Image credit: Blizzard.

When DSPStanky first started making Overwatch videos, he wasn’t planning to become an overnight internet folk hero, let alone the guy thousands of people associate with one of the game’s most-played heroes. He just wanted to quit his crappy job.

DSPStanky is one of the most popular Overwatch players out there, and easily the most popular player of rollerblading healer/support/DJ dynamo Lucio. He’s got hundreds of thousands of followers on Twitch and YouTube who admire his skill level and unique, wall-ride-heavy play style. And while he built a decently-sized following during Overwatch’s early days, a single incident catapulted him into the public eye.

In September 2016, DSPStankey released a jazz-infused Lucio montage called “King of Swing,” where he bounced off walls and booped countless poor saps into oblivion. It got over a million views and rocketed to the top of the Overwatch subreddit. People loved it.

“King of Swing.”

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Despite the hype, some people gave him shit for playing Overwatch on console. “Bet you won’t be good on PC,” cried a chorus of naysayers. His style was all flash, they contended. Even sticking to walls like Spider-Man, he’d be an easy target for players who knew their way around a mouse and keyboard. He decided to prove them wrong. For two months, he practiced. Then, in November of 2016, he posted a video titled “Vindication.” It depicted his ascent through the ranks on PC, from Platinum—thoroughly middle of the pack—all the way up to Grandmaster. Despite the change of control method, his play style persevered. He still clung to walls like the floor was lava. His enemies, some of whom were in the game’s top-500, declared him untouchable.

The video went everywhere. Multiple news outlets—including Kotaku—picked it up. Suddenly, DSPStanky wasn’t just some guy playing Overwatch. He was that Lucio player.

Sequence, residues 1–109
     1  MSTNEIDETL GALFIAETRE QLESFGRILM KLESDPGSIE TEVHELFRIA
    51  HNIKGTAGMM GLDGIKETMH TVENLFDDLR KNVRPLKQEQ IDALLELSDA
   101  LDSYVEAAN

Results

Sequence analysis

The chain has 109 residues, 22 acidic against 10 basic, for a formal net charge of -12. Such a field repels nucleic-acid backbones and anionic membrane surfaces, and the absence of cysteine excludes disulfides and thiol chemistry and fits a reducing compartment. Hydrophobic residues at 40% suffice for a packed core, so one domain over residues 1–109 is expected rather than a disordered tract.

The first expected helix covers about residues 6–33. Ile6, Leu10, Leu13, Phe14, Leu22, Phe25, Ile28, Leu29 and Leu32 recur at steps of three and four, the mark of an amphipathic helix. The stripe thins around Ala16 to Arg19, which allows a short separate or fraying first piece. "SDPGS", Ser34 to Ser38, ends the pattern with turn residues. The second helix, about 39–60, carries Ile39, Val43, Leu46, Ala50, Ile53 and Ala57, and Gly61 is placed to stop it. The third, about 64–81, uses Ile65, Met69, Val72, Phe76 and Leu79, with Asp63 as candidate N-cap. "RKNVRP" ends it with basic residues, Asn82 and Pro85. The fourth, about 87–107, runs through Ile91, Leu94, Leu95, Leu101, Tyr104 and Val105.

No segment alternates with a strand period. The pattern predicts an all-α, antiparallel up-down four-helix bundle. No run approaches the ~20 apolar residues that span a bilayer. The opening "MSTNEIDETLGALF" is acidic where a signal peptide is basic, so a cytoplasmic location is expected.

“Vindication.”

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“I didn’t expect for that to happen,” DSPStanky said to me, laughing, over the phone. He figured he’d get a handful of people saying “cool video, bro,” and that’d be that. Instead, millions of people latched onto the video, and some started calling him “god.”

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“I appreciate the fact that people respect me that much,” he told me. “It was hard, and what I do is hard, but I didn’t do it with the intent of being like, ‘I’m so good, look at me.’”

These days, DSPStanky is practically synonymous with Lucio in some corners of the internet. Somebody might post a Lucio highlight on Overwatch’s subreddit or the game’s forums, and inevitably, somebody else will reply with something like, “That was good, but you’re no DSPStanky.” Though he’s regularly within the PC version’s top-100 competitive mode players—and often within the top-50—DSPStanky doesn’t think he’s the best Lucio. When I asked him if he thought he stood out because his style was unique, he agreed, saying he owes his play style to a game called GunZ: The Duel, which came out long before Overwatch ever existed and prominently featured wall-riding antics. He’d been unknowingly training to take Overwatch by storm for years.